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The life of the German-Jewish literary critic and philosopher Walter Benjamin (1892-1940) is a veritable allegory of the life of letters in the twentieth century. Benjamin's intellectual odyssey culminated in his death by suicide on the Franco-Spanish border, pursued by the Nazis, but long before he had traveled to the Soviet Union. His stunning account of that journey is unique among Benjamin's writings for the frank, merciless way he struggles with his motives and conscience.
Perhaps the primary reason for his trip was his affection for Asja Lacis, a Latvian Bolshevik whom he had first met in Capri in 1924 and who would remain an important intellectual and erotic influence on him throughout the twenties and thirties. Asja Lacis resided in Moscow, eking out a living as a journalist, and Benjamin's diary is, on one level, the account of his masochistic love affair with this elusive--and rather unsympathetic--object of desire. On another level, it is the story of a failed romance with the Russian Revolution; for Benjamin had journeyed to Russia not only to inform himself firsthand about Soviet society, but also to arrive at an eventual decision about joining the Communist Party. Benjamin's diary paints the dilemma of a writer seduced by the promises of the Revolution yet unwilling to blinker himself to its human and institutional failings.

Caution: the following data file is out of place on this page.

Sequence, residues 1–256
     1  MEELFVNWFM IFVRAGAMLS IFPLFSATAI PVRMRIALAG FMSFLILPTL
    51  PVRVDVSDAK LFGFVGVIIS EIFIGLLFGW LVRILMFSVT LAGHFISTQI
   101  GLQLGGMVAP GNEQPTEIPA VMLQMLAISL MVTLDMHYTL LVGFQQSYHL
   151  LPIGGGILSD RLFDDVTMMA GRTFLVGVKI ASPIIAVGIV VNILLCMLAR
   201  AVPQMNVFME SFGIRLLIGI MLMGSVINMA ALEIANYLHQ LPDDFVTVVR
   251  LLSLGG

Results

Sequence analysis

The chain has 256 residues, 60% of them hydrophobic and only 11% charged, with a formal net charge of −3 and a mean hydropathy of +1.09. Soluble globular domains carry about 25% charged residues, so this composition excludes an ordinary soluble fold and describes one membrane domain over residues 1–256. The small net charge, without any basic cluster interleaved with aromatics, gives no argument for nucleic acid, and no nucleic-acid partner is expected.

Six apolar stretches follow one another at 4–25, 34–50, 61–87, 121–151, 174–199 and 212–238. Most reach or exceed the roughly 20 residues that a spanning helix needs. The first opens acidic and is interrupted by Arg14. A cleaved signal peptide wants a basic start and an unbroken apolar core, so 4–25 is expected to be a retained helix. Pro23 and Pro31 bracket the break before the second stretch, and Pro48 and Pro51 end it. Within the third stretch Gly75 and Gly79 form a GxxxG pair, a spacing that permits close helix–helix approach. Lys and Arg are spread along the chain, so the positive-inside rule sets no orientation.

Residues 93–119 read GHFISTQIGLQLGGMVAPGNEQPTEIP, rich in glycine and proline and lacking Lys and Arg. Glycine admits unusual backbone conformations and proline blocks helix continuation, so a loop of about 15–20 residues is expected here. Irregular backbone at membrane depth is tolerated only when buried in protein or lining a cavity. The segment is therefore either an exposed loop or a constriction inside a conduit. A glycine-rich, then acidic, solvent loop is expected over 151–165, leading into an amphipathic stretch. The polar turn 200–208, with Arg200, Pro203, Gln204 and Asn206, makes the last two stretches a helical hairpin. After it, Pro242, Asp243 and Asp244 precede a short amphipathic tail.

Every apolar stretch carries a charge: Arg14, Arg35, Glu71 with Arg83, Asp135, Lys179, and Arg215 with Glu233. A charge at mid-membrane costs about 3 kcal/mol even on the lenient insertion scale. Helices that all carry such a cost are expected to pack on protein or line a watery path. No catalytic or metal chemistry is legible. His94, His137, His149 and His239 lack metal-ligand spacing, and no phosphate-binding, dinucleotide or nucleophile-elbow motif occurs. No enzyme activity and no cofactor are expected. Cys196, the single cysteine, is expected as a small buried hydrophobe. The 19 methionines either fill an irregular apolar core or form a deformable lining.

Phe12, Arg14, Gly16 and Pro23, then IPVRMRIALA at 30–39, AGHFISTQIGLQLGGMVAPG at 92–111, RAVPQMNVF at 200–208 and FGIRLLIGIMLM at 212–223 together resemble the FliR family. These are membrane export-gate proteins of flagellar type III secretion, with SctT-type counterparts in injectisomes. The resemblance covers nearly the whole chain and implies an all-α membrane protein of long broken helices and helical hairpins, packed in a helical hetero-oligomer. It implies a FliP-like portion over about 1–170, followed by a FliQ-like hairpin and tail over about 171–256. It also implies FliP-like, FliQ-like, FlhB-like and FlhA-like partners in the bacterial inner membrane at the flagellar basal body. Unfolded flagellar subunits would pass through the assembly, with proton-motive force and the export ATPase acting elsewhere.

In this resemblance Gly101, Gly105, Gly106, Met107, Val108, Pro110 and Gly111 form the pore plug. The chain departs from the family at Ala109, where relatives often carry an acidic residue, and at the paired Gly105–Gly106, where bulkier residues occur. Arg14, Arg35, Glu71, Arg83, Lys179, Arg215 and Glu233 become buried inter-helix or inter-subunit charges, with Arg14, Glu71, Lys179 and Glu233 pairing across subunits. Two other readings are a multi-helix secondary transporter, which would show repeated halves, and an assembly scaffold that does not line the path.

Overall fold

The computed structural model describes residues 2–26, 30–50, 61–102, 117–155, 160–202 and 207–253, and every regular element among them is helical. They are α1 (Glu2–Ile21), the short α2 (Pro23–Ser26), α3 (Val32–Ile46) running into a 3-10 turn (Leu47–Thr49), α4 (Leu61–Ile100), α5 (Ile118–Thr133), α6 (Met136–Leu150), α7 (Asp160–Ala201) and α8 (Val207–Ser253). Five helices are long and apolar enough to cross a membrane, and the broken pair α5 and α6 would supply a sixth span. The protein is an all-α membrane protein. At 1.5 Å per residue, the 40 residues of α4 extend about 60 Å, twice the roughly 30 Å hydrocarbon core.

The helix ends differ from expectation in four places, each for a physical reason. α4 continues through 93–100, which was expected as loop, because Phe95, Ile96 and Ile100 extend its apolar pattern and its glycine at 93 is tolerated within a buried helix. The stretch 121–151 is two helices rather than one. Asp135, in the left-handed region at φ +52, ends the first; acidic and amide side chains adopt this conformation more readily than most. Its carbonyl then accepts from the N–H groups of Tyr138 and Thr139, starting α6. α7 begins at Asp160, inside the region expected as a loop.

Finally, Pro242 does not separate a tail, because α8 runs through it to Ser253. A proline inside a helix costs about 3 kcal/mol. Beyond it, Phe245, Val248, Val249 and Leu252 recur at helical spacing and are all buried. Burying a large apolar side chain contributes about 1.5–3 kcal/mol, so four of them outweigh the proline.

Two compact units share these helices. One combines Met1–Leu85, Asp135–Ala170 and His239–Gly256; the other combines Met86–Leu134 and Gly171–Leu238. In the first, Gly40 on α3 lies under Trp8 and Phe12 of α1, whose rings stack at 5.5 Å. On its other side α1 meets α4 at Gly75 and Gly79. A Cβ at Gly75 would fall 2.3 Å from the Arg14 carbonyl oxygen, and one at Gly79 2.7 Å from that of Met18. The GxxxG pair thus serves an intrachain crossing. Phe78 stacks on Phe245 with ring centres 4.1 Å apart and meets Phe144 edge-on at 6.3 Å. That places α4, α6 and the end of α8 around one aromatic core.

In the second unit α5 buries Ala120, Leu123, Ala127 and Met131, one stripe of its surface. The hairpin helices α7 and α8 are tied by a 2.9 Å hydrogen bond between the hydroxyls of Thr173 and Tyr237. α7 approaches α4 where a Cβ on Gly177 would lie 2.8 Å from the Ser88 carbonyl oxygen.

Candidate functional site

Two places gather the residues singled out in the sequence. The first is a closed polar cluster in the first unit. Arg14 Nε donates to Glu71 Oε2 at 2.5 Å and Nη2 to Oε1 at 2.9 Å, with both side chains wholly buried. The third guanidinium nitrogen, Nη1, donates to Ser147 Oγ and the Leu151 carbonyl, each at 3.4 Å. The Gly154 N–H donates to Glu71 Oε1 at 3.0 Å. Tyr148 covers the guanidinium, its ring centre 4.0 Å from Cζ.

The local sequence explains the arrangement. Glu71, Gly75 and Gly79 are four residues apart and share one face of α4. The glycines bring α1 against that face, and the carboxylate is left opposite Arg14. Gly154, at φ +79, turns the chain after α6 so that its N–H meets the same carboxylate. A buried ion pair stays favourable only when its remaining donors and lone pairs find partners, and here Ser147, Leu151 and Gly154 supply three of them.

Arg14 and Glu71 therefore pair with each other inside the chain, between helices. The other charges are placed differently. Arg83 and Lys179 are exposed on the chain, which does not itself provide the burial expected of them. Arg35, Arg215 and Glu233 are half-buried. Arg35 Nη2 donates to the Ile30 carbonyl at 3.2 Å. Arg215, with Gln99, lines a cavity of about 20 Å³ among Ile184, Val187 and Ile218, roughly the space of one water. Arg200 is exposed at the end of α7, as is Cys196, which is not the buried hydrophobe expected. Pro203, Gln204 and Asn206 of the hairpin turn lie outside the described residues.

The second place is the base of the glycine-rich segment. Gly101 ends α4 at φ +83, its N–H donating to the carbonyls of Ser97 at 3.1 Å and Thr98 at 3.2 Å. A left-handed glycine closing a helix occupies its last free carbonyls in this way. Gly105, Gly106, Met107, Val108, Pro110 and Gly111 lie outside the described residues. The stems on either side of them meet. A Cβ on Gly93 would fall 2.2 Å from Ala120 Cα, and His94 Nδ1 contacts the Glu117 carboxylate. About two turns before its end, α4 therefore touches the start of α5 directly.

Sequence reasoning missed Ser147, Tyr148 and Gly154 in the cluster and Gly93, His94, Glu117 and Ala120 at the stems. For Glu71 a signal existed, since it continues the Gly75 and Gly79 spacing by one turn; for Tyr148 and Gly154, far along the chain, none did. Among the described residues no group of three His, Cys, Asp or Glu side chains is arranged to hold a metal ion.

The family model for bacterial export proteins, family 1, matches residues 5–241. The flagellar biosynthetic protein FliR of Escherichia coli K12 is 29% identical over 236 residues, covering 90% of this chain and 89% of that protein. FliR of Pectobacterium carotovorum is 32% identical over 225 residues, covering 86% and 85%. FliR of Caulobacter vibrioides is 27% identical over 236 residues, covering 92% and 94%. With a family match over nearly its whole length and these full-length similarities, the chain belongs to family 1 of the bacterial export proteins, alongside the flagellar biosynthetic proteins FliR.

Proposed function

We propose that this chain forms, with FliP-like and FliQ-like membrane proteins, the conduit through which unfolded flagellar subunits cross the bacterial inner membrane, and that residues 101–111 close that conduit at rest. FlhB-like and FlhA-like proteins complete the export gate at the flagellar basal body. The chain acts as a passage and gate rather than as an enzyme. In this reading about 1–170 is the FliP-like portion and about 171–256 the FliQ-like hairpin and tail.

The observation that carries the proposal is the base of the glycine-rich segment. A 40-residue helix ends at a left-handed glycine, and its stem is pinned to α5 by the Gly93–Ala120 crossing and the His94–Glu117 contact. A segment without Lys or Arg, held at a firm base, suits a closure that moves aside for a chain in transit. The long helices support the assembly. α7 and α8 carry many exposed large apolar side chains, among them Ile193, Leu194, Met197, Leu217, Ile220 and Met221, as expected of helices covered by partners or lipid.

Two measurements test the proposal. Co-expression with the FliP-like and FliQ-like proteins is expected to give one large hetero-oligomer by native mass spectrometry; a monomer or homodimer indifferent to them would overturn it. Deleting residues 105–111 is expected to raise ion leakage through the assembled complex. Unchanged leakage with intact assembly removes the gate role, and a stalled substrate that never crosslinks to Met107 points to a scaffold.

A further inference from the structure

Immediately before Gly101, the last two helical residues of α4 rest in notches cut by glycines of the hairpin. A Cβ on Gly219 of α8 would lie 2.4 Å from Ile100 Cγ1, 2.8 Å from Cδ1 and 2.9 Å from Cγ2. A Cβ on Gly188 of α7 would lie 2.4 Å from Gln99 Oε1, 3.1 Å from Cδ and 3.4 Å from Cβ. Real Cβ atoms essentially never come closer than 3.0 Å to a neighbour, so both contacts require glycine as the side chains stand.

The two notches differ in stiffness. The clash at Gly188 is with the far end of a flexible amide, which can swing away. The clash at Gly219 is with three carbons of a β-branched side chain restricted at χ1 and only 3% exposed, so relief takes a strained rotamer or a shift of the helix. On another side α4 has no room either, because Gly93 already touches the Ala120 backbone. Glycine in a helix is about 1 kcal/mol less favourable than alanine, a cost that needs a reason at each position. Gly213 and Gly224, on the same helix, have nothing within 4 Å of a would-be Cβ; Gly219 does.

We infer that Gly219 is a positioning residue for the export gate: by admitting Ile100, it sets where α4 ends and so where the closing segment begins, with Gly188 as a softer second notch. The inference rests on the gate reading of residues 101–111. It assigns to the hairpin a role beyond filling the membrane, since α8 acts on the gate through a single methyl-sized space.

Moscow Diary is more than a record of ideological ambivalence; its literary value is considerable. Benjamin is one of the great twentieth-century physiognomists of the city, and his portrait of hibernal Moscow stands beside his brilliant evocations of Berlin, Naples, Marseilles, and Paris. Students of this particularly interesting period will find Benjamin's eyewitness account of Moscow extraordinarily illuminating.
Klappentext: The life of the German-Jewish literary critic and philosopher Walter Benjamin (1892-1940) is a veritable allegory of the life of letters in the twentieth century. This stunning account of his journey to the Soviet Union is a unique among Benjamin's writings for the frank, merciless way he struggles with his motives and conscience.
Buchbeschreibung Harvard Univ Pr, 1986. Buchzustand: Good. 067458743x 067458743x Good. (Binding: Hard Cover, Jacket: No Jacket) Some speckling on front and back covers, along outside edges; clean inside. Previous owner's name inscribed on inside front cover. Buchnummer des Verkäufers 1083813
Buchbeschreibung Harvard University Press, Cambridge, 1986. Hard Cover. Buchzustand: Fine. First Edition/First Printing. gray cloth, hardcover., no flaws, clean, no writing or markings, tight binding, an unused copy.; 150pp., b/w illustrations. translated from the german by richard sieburth. edited, and with an afterword by gary smith. preface by gershom scholem. first appeared in usa in the journal october. very few hardcovers were printed, rarely appearing. Size: 8vo - over 7¾" - 9¾" tall. Buchnummer des Verkäufers 11831
Buchbeschreibung Harvard University Press, 1986. Hardcover. Buchzustand: Good. Good condition, some are ex-library and can have markings. Buchnummer des Verkäufers GD-229-X3-5969605
Buchbeschreibung Harvard University Press, 1986. Hardcover. Buchzustand: Very Good. Very good. Buchnummer des Verkäufers HH-229-X3-5969605